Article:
Why Gold Bullion is set to once again be a part of the world's monetary system...
HERE ARE two questions gold investors should ask themselves, writes Julian Phillips of GoldForecaster.com.
"If the days of the Dollar are numbered, how will gold be used in the monetary system that follows? Will there be a global monetary system that all nations subscribe to or will the monetary world fragment?"
For one thing, we will continue to live in a global world with nations trading amongst each other. To gold investors, such an eventuality – let alone its potential reality—would cause a return to the use of gold as a foundation for any monetary system, but not as a means of exchange, ever again.
That journey has already started. Whether in a cooperative or uncooperative world, gold will have to provide international liquidity and facilitate trade between nations in place of the Dollar. This will include the US too. The world is headed irrevocably to a multi-currency system with the Dollar as one of the world's leading currencies, but not the sole one. Gold, as always, will have to inspire the trust it once did. It will have to fill the gap left by the world of currencies that occurred when the developed world removed itself from gold and at the same time removed currencies from supplying adequate measures of value.
It is appropriate to look at whether we will see the likes of the gold standard again.
Federal Reserve chairman Ben Bernanke has given a series of lectures on the gold standard and its performance. What he said about it was quite correct. What he said was a critique of the gold standard with a view to dismissing it. It's a pity he did not address the question of gold's future as a contingency plan, which we are sure has been discussed thoroughly by the Fed and with the input from the other developed world central bankers.
After all, when Alan Greenspan said that "Gold is money, in extremis" he was right then and in the future. Few people would deny we have moved into extreme times for most nations. A fact that we have seen a glimpse of (central banks and the Bank for International Settlements are quiet on these points) has been that in the last two year gold has been used amongst banks and nations to facilitate loans and to lower their interest costs.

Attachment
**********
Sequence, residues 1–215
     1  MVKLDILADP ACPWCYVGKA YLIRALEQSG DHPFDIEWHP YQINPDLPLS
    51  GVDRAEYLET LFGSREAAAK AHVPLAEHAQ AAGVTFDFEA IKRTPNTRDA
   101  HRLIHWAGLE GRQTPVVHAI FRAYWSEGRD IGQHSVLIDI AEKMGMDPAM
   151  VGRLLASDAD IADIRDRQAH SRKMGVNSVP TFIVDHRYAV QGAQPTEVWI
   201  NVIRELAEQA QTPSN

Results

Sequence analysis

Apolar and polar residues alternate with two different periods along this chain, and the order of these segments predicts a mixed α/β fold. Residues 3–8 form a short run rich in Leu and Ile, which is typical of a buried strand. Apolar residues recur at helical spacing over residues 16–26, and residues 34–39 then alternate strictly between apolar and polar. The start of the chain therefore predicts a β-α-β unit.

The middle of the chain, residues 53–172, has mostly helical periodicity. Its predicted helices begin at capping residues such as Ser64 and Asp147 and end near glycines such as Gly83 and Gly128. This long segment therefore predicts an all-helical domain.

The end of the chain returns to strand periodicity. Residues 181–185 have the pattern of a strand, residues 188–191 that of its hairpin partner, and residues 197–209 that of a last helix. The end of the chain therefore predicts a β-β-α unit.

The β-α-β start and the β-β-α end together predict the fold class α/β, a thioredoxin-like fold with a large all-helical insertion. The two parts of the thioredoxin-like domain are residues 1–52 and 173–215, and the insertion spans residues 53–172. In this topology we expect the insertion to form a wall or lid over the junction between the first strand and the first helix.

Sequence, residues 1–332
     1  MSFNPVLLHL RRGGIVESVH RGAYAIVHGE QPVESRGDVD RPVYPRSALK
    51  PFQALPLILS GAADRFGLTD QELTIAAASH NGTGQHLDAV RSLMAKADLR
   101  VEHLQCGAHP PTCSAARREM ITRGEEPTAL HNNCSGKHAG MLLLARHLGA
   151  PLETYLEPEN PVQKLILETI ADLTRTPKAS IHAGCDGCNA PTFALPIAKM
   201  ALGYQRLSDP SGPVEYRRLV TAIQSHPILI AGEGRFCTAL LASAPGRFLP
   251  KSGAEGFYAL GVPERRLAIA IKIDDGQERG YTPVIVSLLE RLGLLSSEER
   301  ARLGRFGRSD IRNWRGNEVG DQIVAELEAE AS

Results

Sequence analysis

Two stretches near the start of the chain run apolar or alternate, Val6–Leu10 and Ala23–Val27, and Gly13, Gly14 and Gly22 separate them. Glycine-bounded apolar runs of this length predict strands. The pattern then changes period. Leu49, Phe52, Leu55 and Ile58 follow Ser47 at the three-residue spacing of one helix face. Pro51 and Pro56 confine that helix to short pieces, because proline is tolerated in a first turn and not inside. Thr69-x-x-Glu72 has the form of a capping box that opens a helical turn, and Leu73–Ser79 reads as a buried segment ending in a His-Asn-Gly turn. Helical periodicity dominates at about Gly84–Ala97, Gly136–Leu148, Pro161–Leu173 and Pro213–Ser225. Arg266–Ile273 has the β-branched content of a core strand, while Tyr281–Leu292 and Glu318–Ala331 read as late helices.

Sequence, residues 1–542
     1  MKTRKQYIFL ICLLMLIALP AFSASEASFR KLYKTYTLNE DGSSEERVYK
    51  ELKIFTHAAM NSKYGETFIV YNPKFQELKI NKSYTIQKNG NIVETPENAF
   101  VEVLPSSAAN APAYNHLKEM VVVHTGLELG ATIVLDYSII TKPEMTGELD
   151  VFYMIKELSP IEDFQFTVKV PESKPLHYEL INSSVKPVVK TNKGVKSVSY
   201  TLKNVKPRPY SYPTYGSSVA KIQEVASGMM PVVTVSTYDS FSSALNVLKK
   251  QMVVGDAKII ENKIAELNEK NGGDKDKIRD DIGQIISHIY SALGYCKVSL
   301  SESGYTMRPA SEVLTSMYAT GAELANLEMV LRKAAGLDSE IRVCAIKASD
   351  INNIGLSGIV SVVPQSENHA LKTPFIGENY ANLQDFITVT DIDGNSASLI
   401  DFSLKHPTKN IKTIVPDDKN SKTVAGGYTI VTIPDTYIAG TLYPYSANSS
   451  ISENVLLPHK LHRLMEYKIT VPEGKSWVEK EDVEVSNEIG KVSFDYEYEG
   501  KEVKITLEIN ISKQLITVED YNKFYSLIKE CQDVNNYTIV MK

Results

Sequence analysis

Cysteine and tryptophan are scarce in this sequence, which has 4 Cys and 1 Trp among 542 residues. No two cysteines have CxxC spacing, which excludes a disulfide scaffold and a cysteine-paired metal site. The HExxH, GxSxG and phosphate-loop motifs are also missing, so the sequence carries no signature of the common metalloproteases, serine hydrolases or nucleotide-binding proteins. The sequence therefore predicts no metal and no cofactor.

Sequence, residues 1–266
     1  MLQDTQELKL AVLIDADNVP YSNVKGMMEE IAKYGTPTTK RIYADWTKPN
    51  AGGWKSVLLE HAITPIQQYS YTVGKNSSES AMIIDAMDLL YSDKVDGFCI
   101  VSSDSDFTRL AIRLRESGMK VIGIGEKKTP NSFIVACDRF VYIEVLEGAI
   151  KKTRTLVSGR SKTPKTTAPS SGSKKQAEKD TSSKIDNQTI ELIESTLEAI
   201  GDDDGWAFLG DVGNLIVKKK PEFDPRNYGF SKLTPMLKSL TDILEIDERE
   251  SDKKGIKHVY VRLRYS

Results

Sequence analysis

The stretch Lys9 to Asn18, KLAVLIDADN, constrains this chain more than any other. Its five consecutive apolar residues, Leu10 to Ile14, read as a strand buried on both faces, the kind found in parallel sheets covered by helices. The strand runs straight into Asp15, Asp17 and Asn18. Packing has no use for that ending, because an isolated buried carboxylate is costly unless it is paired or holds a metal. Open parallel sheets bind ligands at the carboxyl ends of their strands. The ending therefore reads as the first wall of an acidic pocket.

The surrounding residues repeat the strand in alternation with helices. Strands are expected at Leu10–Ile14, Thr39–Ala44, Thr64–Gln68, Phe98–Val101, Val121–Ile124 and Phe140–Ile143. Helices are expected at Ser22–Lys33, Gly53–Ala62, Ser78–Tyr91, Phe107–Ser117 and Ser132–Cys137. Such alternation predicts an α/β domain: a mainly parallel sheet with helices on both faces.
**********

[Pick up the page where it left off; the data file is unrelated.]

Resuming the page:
So much has been written about the failings of the gold standard, but what has been omitted when a comparison to today is made, is that the gold system was designed for its time and it succeeded very well in that context, with that stability and those values. Then those values changed, the situation governing money changed and this frozen, fixed system did prove inadequate for the days that followed. What is missed from the criticism of that system is that it was a system that used gold as the foundation for the system of money of that day.
It wasn't gold that was at fault, it was the system that used the gold.
Today, gold has done what it did then. It has proved to be a measure of value, a counter to the swings in the value of currencies. In the days of the gold standard, the notes issued against gold were based on the value of gold which was fixed. In essence, the devaluation of gold in 1935 was an instrument to expand the amount or supply of money. Prior to that and a basic cause of the depression was an insufficient money supply. The devaluation of the Dollar assisted in the US recovery at the time. The subsequent gathering of gold into US vaults gave financial credibility to the US monetary system.
Why and how was Bernanke correct? He discussed the system called the gold standard with its fixed exchange rates and fixed price of gold. This can no longer happen for the reasons he gave. Today, we have neither. Going back to a fixed price of gold or, more importantly, to fixed exchange rates would be insane. The current misfortunes of the Eurozone are amply demonstrating this as rich countries and poor countries use the 'fixed' exchange rate of the Euro between themselves. We will see this decade old experiment founder for the same reasons eventually after a long and painful process that could last another decade.
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